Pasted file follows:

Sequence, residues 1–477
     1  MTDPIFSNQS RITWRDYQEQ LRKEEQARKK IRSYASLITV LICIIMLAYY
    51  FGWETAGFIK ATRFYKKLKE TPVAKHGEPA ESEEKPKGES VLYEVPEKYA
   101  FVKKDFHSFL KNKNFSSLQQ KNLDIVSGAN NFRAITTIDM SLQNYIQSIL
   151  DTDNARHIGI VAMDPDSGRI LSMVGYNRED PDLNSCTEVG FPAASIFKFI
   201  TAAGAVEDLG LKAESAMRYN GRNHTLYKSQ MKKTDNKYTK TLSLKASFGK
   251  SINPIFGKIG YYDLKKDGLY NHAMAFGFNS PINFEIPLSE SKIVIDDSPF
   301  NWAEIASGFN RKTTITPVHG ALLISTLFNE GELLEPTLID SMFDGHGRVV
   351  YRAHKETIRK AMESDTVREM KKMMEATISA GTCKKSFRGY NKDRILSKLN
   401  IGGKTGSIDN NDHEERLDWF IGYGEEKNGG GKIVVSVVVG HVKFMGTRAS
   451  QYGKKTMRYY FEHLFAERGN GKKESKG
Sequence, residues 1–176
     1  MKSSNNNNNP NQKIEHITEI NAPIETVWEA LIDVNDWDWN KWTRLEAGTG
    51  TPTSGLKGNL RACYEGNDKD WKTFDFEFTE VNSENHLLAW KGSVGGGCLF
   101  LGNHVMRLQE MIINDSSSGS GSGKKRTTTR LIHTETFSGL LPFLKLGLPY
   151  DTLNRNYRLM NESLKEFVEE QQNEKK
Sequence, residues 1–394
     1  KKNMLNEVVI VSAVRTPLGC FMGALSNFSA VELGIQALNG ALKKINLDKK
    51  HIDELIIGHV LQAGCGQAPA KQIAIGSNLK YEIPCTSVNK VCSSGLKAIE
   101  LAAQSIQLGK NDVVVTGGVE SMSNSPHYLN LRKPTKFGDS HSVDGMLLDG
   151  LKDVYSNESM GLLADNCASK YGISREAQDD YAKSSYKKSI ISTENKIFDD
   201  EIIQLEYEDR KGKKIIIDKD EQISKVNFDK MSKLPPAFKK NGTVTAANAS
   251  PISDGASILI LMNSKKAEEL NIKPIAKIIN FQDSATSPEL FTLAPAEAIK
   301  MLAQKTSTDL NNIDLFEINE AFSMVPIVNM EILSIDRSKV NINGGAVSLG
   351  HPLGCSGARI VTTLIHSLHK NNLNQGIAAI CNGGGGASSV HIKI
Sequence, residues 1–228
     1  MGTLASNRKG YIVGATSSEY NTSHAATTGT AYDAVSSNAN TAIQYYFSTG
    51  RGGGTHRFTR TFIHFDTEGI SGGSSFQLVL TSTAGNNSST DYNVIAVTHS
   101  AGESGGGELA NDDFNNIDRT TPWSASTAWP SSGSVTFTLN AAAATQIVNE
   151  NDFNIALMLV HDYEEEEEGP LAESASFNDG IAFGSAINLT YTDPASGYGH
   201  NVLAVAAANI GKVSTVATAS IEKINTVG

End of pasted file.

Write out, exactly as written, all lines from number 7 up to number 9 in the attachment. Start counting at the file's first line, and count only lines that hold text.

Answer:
   251  SINPIFGKIG YYDLKKDGLY NHAMAFGFNS PINFEIPLSE SKIVIDDSPF
   301  NWAEIASGFN RKTTITPVHG ALLISTLFNE GELLEPTLID SMFDGHGRVV
   351  YRAHKETIRK AMESDTVREM KKMMEATISA GTCKKSFRGY NKDRILSKLN